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Incentivization of product design and material choices that favor reduced environmental impact.

  • Recycled Content
  • Life Cycle Emissions
  • Reuse
  • Light Weighting
  • Design
  • Recyclability
  • Renewably Sourced

Timelines

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Many bills specify timelines for policy implementation.

  • Deadline to register
  • Deadline to submit plan
  • Date of implementation
  • Transition period

Education and Outreach

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Whether education and outreach are covered is discussed in the cost section, but the requirements for implementation vary by proposal.

  • Product labeling
  • End-of-life instructions
  • Litter prevention campaigns
  • Program awareness
  • Shared responsibility of government and PRO
  • Program awareness

Other
‍‍

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Proposals may include additional notable considerations that do not fall under the above elements

Producer Definition

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EPR proposals define the producers to specify who is obligated under the plan or legislation.

  • Brands
  • Licensees
  • Importers/Distributors

Targets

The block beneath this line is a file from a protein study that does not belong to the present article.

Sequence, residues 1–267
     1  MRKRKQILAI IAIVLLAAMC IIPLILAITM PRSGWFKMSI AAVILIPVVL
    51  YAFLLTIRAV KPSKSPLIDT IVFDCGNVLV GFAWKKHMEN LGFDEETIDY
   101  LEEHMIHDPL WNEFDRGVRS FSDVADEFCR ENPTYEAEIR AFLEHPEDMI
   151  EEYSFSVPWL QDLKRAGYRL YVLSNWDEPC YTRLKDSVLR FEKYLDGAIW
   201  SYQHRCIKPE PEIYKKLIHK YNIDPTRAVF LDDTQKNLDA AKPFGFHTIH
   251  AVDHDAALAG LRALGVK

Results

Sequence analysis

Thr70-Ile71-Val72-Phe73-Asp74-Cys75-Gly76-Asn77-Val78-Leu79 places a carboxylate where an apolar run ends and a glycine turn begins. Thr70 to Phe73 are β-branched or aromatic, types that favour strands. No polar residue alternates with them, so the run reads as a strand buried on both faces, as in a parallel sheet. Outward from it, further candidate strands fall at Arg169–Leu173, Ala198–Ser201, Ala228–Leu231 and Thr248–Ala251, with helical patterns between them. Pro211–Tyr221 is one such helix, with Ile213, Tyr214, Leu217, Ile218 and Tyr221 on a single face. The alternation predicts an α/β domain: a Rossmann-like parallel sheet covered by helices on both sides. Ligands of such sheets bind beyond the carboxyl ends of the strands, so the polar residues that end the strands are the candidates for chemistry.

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Specific targets may be specified in bills or proposals, or the type of targets required to be set in the plan may be directed.

  • Rate Targets
  • Recycled Content Targets
  • Material Specific Targets
  • Targets Set in Legislation
  • Adjustable Targets

Social Considerations

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Many EPR proposals specify social considerations to ensure equitable labor and management practices.

  • Labor Requirements
  • Community Outreach
  • Socially Just Management

Infrastructure

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Considerations for existing or improved infrastructure.

  • Maximizes Use of Existing Infrastructure
  • Convenience Standards
  • Infrastructure Improvements

Government Role

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The role of government in developing, administering, and monitoring EPR programs.

  • Plan review and approval
  • Enforcement and monitoring
  • Fund allocation

Stakeholder Involvement

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Many Proposals place heavy emphasis on involving stakeholders in the program.

  • Required consultation during plan development
  • Stakeholder Advisory Committee

Coming Soon

The interactive Guide to EPR Proposals will break down and compare the various bills and policy positions by element. Look for an announcement when the guide launches!